US 1654371 A
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Description (OCR text may contain errors)
C. B. GOODSTEIN Dec. 27, 1927.
STAPLE Filed March 22, 1926 MMJ5II I INVENTOR M fiMM rib for serving as auxillary legs,
Patented Dec. 27, .1927.
1,654,371 PA raN-T oFFICE.
CHARLES B. GOQDSTEIN, OI BROOKLYN, NEW YORK, ASSIGNOB, OF ONE-HALF TO EARL G. OPPENHEIM, 01' NEW YORK, N. Y.
' Application filed larch 22, 1926. Mid Io. 96,447.
The present invention relates to sta les, and more particularly to a type ada te for use in connection with stapling mac "ines.
The primary object of the invention re a sides in the provision of a staple strip wherein the individual staples are respectively joined by connecting portions positioned at an angle withrespect to the body portion thereof for causing the cutter of a 1 stapling machine to separate one staple from the remainder of the strip through the medium of a slicing or shearing action; instead of abruptly chopping them apart in the manner heretofore which consisted in the 15 flat under face of the cutter coacting with the horizontally flat connecting portions of the staple strip.
Another object of the invention resides in longitudinal for each infrom the reproviding a staple strip 'with a dividual staple when separated mainder of the strip,
Anot er ob ect resides in so constructing my improved staples as to provide a projecting portion to present a minimum bear- 1n surface and consequently reduce the friction while being fed through a stapling machine.
A further object resides in so constructing the staple as to provide means thereon for ermitting reasonable distortions and due to its spring-like action, return the staple body to its original condition upon termination of 3 stresses which rise to cause said distortions. A still further object resides in constructing the staples in substantially flat formation to obviate the possibility of accidental interlocking during shipment; present type of staples which are. U-shaped m cross sect'on and this type :are distorted when forcibly separated from such" inter locked conditions.
Anotherohject in constructing the staples in flat formation is to permit a-"greateramount of the same to be positioned or boxed in a space heretofore occupied by alesser amount ,of the U- haped type of staple strips.
A further object in constructing the staples in flat formation resides in their ready adaptation to reeling upon a spool whereby a continuous staple stri of one thousand or more may-be used wit in a stapllng machine in place of the usual methodof insertto afford additional. of material to be held by the same.
a ortion thereof.
a lurality of staple strips in flat as occurs in the .ticularly to the condition of ing a new strip upon the expiration of fifty A staples, which is the standard length of the present type of staple strips.
A still further object is to provide the staples with. a roughened, knurled or corruated surface on the under and inner side of he body and leg. portions respectively to prevent retrograde slippage after the same has been driven; while the outer faces thereof present a smooth and polished surface to enhance the appearance of the staple.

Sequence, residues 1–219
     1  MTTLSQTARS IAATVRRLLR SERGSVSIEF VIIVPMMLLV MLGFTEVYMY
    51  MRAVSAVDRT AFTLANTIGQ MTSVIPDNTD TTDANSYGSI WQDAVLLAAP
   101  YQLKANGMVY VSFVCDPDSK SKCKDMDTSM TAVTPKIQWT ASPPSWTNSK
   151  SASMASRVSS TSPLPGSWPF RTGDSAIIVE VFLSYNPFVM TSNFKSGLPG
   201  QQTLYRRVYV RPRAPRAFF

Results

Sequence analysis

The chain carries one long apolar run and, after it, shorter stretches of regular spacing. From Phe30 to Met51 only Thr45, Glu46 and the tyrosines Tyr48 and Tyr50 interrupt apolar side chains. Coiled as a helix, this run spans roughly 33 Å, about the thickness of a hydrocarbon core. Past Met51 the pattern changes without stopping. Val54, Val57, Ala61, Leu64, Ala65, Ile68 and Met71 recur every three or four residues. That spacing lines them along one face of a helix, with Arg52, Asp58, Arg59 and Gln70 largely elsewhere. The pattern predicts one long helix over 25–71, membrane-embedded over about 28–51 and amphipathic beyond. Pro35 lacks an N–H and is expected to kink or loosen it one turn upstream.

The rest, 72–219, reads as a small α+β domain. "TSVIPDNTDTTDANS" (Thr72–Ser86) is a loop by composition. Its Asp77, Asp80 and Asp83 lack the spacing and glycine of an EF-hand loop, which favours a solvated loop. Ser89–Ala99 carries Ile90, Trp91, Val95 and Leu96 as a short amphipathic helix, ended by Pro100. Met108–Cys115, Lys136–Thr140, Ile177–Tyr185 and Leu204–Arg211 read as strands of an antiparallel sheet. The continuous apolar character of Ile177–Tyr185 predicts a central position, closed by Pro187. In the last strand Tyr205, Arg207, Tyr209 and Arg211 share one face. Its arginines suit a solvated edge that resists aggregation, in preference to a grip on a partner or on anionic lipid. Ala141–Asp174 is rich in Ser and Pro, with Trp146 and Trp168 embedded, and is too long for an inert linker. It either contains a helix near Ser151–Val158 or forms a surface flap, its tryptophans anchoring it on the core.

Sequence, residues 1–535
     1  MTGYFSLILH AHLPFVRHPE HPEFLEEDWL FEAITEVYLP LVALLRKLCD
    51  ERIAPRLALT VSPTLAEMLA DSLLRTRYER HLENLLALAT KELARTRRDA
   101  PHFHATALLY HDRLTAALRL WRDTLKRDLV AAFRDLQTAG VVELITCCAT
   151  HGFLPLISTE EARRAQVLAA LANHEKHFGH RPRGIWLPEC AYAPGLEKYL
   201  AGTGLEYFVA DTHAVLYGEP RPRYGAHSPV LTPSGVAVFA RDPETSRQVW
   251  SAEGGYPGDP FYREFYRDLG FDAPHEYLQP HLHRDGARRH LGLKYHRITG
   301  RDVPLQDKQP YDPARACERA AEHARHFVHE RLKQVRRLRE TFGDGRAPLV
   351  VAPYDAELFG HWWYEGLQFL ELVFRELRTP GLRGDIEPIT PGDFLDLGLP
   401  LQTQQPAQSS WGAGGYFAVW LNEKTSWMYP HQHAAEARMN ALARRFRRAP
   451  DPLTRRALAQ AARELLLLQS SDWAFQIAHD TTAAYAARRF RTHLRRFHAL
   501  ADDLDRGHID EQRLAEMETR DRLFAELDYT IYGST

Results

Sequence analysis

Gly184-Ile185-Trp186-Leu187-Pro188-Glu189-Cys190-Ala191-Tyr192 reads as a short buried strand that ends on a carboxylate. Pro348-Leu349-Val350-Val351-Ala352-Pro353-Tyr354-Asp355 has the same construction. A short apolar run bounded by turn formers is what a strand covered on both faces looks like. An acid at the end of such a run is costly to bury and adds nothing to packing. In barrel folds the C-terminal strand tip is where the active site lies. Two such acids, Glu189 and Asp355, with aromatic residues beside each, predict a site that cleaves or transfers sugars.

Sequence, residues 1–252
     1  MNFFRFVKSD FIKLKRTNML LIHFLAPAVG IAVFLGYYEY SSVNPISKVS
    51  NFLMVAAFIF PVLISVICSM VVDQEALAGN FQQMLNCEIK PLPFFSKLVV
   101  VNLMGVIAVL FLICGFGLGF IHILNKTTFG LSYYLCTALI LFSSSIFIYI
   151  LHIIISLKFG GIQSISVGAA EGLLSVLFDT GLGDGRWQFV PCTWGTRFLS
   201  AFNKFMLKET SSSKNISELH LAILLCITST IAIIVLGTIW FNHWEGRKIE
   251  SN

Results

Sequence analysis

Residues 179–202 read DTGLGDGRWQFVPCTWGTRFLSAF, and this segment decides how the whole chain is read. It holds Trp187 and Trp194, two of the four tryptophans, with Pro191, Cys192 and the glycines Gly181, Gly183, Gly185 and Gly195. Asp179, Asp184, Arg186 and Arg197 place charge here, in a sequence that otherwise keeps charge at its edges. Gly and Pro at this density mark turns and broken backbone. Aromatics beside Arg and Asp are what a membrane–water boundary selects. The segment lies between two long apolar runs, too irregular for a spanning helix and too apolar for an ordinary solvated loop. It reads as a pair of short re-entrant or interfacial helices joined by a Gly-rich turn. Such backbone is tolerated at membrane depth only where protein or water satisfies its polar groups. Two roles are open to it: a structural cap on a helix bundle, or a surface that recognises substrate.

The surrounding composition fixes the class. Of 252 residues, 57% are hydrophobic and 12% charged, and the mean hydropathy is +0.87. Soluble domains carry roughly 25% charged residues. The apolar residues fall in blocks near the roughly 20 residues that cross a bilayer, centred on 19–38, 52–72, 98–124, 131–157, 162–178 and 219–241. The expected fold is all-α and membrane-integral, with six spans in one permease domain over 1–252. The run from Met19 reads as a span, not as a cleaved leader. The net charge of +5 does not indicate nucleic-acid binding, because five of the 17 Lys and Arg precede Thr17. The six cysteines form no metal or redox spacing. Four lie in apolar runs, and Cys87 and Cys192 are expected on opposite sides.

Still further objects reside in so constructing the staples as-to render the same inexpensive of manufacture, sturdy in construction, neat in appearance and highly eflicient for the purposes intended.
With these and other objects in view the invention resides in certain new and novel construction, the essential features of which are hereinafter fully described, are particuc larl pointed out in the appended claims, an are illustrated in the accompanying drawing in which:
Figure 1 is a perspective view of a portion of my improved staple strip illustrating twp stages the same assumes during use.
1 plete y shaped staples. Figure 3 is an enlarged side elevation of igure 4:-lS a vertical transverse sectional view taken on line 4-4 of Figure 1. Figure 5 is a similar view on line 5-5 of; Figure 1 and illustrating in dotted lines the manner in which the staple strip is employed withina stapling machine. -Fi re 6 illustrates a metallic sheet from whic the die of a punch press has stamped and partia ly shaped condition.
It might be here stated that Iv am aware of patents granted for staples and staplestri s of the general type for use in stapling mac ines and it is with such staples in view that the present invention has been designed f their inadequacies. 4
to the drawing and more par- Figu're 1, the reference character 10 designates my improved staple strip in its entirety, the portion or section 11 of which illustrates staples completely formed or shaped and ready to be'cut and driven by a stapling machine, while the ortion 12 (one staple only, being shown) designates the staples prior to shap- 11.
to overcome Referring re 2 is a plan view of a strip of comv ing, and in which forms the same are usually constructed; are shipped, and are inserted into the machine.
Taken individually each staple 13 comprises a horizontal body portion 14 which terminates at each end in downwardly projecting 'legs' 15 adapted to penetrate the materialto be held by the staple, and the lowermostends of said legs 15 are provided with points 16 to facilitate their penetration.
At a point intermediate the ends of the horizonal body-14 a portion thereof is bent downwardly to provide a rib 17 which serves as an additional gripping means for material to be held by the staple as the entire leg penetrates the material Taken collectively the staple strip 10 is composed of a series of the individual staples 13 which are an integral part of the strip through the medium of their respective connections to each other by bridges 18. As
/ clearlyshown, these bridges 18 are alternately ofiset between first one pair of staples and then another. It will therefore be seen that by providing first the V-shaped rib 17 centrally of the underside of the staple strip it is possible to effect the above alternate bridging by merely alternately notching out the material of the rib as at 19.